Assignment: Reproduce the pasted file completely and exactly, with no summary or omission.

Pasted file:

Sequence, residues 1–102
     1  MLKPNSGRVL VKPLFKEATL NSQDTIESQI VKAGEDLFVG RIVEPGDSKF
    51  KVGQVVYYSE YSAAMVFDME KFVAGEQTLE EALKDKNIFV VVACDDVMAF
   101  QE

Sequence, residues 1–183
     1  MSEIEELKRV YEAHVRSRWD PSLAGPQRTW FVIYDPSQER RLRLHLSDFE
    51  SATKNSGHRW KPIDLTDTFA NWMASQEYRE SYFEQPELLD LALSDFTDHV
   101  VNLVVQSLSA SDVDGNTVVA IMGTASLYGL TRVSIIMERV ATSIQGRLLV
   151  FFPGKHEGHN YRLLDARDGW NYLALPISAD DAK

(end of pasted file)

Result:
Sequence, residues 1–102
     1  MLKPNSGRVL VKPLFKEATL NSQDTIESQI VKAGEDLFVG RIVEPGDSKF
    51  KVGQVVYYSE YSAAMVFDME KFVAGEQTLE EALKDKNIFV VVACDDVMAF
   101  QE

Sequence, residues 1–183
     1  MSEIEELKRV YEAHVRSRWD PSLAGPQRTW FVIYDPSQER RLRLHLSDFE
    51  SATKNSGHRW KPIDLTDTFA NWMASQEYRE SYFEQPELLD LALSDFTDHV
   101  VNLVVQSLSA SDVDGNTVVA IMGTASLYGL TRVSIIMERV ATSIQGRLLV
   151  FFPGKHEGHN YRLLDARDGW NYLALPISAD DAK